You have to admire the British ability to tell it like it is. Late in 2010, the English equivalent to our SEC shut down, and froze the assets of, several fly-by-night operators. Barclays Bank, which held these assets, went to court over it. It argued that, as an innocent party, it should be compensated for the losses it incurred at the result of the assets being frozen.
The UK Supreme Court said no. It’s not that is it thought Barclays anything short of innocent of its account-holders’ shenanigans. It simply held that there is no duty to indemnify those affected by the otherwise lawful actions of the state. It’s good to be king.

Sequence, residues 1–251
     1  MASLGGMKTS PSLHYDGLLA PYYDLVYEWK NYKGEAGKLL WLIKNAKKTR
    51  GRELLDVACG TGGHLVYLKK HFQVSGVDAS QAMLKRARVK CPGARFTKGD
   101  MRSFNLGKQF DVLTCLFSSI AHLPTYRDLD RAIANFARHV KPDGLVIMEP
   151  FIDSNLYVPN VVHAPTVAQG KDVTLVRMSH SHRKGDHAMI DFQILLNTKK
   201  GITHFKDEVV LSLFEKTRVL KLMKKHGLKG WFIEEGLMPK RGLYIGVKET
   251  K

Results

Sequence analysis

American law has evolved separately from the English source from which it sprung in the 18th Century. Yet common bonds remain. Judicial orders to freeze assets are injunctions – court orders prohibiting a given action (in this case, prohibiting access to assets). And in the U.S. as in the U.K., there are several kinds of injunctions subject to different rules depending on a multiplicity of factors. And this matters. Sometimes, a temporary injunction can all but decide a case. Maintaining the status quo on the long road to trial, which those orders often do, routinely forces a settlement.
This makes injunctions yet one more iceberg to navigate in legal waters.